Supreme Court Sides With Doctors Accused of Running Pill Mills
WASHINGTON — The Supreme Court on Monday on the side of two doctors convicted of illegally supplying drugs without a legitimate medical purpose.
The verdict was unanimous, although the judges disagreed on the exact reason. However, they agreed that prosecutors had to prove more than that the doctors had violated objective standards.
Judge Stephen G. Breyer, writing for six members of the court, said that as long as physicians were authorized to dispense controlled substances, prosecutors “must prove beyond reasonable doubt that the defendant knew that he or she was on an illicit drug.” way acted. , or was intended to do so.”
The doctors in the two cases have been convicted of illegally distributing drugs under the Controlled Substances Act. One, Dr. Xiulu Ruan, was accused of running a clinic in Alabama with a business partner that dispensed nearly 300,000 prescriptions for controlled substances in just over four years, making it one of the country’s leading sources for prescriptions for some types of fentanyl drugs.
The other, Dr. Shakeel Kahn, was charged with writing prescriptions in Arizona and Wyoming in exchange for payments that roughly tracked street drug prices. Prosecutors said he had accepted payment in cash and personal property, including firearms.
The question before the judges was how to read a sentence in an ordinance under the law. The phrase was an exception to the law’s prohibition on prescriptions “issued for a legitimate medical purpose by an individual practitioner acting in the ordinary course of his professional practice.”
Government lawyers argued that the exception described an objective standard rooted in established medical standards, while the doctors’ lawyers said their clients’ subjective understanding and good faith must play a role.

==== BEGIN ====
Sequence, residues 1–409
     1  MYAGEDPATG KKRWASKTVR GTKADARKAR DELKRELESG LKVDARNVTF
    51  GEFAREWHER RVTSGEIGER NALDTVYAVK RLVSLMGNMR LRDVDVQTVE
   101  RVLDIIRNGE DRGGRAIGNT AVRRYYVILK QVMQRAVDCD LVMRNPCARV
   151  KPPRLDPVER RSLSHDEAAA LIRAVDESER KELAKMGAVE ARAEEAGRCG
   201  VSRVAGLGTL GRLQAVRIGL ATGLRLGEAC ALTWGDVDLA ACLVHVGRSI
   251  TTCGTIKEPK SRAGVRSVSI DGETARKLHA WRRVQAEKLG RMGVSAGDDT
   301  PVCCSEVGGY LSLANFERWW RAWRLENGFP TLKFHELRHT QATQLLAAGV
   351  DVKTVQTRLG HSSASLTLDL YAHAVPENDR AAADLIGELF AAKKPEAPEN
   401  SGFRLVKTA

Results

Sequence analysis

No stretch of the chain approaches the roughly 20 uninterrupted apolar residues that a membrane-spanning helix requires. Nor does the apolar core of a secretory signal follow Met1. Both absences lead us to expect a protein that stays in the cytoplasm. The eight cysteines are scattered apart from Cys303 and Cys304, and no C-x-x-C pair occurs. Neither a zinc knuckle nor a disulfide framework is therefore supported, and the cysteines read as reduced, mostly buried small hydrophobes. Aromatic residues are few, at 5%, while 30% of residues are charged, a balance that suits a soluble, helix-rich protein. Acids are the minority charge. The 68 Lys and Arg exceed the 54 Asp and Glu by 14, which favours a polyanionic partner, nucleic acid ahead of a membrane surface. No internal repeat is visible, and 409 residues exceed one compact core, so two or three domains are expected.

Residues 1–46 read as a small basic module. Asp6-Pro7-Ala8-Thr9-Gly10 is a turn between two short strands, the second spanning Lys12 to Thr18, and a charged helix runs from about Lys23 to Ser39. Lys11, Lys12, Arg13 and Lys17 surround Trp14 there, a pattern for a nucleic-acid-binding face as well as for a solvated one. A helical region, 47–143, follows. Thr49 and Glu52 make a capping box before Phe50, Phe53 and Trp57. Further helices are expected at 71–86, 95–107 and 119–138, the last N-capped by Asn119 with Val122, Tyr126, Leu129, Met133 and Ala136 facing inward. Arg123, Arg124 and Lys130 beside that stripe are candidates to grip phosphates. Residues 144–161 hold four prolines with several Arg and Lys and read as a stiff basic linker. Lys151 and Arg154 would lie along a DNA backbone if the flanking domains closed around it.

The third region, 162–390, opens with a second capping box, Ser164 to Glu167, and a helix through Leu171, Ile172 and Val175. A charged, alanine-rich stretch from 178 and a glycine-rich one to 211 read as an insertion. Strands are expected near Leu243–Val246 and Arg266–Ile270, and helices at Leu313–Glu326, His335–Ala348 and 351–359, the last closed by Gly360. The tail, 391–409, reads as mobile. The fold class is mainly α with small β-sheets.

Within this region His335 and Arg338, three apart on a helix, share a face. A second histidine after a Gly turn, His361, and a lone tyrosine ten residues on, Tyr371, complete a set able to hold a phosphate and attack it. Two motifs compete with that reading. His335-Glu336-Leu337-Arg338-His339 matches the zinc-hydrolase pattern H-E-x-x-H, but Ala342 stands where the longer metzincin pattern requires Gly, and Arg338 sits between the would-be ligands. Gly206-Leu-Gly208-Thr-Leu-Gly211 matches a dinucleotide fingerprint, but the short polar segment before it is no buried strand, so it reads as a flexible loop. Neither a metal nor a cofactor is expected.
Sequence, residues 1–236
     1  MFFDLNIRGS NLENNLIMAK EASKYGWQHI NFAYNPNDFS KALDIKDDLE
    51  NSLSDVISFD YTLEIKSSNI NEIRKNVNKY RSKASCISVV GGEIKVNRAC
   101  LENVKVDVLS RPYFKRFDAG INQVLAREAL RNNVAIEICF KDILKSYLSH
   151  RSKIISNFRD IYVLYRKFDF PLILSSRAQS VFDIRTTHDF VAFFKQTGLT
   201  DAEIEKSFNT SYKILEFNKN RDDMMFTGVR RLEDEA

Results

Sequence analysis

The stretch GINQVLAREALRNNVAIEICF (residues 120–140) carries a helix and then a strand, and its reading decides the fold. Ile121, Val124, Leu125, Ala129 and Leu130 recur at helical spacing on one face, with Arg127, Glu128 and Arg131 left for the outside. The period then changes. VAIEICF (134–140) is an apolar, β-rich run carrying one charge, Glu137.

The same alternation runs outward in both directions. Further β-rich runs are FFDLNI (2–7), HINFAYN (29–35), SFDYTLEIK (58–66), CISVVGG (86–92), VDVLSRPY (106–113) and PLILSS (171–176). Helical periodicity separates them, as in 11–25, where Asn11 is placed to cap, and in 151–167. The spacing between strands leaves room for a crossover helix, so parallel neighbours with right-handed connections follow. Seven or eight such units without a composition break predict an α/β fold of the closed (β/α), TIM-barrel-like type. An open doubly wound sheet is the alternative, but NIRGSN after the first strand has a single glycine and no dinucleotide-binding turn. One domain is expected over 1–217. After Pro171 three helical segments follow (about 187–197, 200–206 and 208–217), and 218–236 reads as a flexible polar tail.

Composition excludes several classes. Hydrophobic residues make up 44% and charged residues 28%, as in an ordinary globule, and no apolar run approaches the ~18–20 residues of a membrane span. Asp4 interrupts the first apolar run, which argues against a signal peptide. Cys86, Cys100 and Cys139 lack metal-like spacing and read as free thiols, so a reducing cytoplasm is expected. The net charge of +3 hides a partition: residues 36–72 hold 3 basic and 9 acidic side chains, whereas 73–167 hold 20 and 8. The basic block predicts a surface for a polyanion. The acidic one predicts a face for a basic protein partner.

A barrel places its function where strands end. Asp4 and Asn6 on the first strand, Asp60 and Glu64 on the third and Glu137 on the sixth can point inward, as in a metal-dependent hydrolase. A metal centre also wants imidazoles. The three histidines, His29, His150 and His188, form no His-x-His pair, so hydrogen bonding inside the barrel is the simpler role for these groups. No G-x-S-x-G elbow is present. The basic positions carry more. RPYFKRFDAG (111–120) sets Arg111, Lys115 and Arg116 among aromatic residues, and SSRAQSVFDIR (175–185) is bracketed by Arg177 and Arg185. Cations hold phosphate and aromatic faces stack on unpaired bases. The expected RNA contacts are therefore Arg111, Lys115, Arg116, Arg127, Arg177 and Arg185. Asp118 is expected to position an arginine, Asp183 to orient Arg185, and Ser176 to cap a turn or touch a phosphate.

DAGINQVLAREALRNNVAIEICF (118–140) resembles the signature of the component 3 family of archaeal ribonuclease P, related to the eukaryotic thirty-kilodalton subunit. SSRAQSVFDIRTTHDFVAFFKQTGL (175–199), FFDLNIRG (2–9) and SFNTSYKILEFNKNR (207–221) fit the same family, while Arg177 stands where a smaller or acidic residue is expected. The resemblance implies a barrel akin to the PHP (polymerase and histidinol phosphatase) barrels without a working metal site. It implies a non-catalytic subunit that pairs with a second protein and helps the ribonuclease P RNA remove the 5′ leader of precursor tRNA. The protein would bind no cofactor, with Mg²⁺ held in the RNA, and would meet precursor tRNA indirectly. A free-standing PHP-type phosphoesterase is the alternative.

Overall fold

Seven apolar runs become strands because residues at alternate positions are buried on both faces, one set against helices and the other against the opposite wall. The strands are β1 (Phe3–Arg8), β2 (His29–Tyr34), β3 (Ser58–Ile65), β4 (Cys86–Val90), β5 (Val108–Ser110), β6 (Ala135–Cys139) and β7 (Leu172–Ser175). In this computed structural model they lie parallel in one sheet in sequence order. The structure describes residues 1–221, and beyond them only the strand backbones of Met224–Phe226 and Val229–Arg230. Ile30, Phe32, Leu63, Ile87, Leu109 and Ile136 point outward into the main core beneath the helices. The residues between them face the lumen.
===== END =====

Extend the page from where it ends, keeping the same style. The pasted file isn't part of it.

Judge Breyer sided with the second view, writing that he rejected the government’s argument that “requiring proof that a physician knowingly or intentionally failed to act as authorized will allow bad apple doctors to escape liability.” by claiming idiosyncratic views of their prescribing powers.”
The Supreme Court sent the case back to the appeals courts to assess whether the juries in the two cases were properly instructed and, if not, whether the errors were harmless.
Judge Samuel A. Alito Jr., writing for three members of the court, agreed with Judge Breyer’s argument, but not his reasoning.
“A physician who makes negligent or even reckless mistakes in prescribing drugs is still acting like a physician—he or she is simply acting like a bad doctorJudge Alito wrote.
“The same cannot be said, however, when a physician knowingly or purposefully issues a prescription to facilitate ‘addiction and recreational abuse,'” he wrote, citing a previous decision.
Justice Alito said he would allow doctors who “act in subjective good faith when prescribing drugs” to invoke the exception from the law.
Kate Nicholson, executive director of the National Pain Advocacy Center, who submitted a letter support the doctorssaid the decision “protects health care providers from fear of unwarranted persecution and people who are in pain from accessing care.”
Abbe Gluck, a law professor at Yale, said Monday’s decision was “a victory for doctors prescribing innovative treatments they believe serve legitimate medical purposes and should allay concerns that the court would rule.” which would reduce physician prescribing and require pain treatments.” †
She warned against reading the decisions, Ruan v. United States, no. 20-1410, and Kahn v. United States, no. 21-5261.
“Some may wonder why alleged ‘pill mill’ operators seem to be getting off the hook, but the court hasn’t said so,” Professor Gluck said. “What the court said is that juries should investigate whether the indicted doctors are actually” believed their behavior to be legitimate rather than using an objective standard of a hypothetically reasonable physician. That may complicate prosecution of some outliers, but good government attorneys should weed out dishonest doctors who don’t act as doctors at all.”
Jan Hoffman reporting contributed.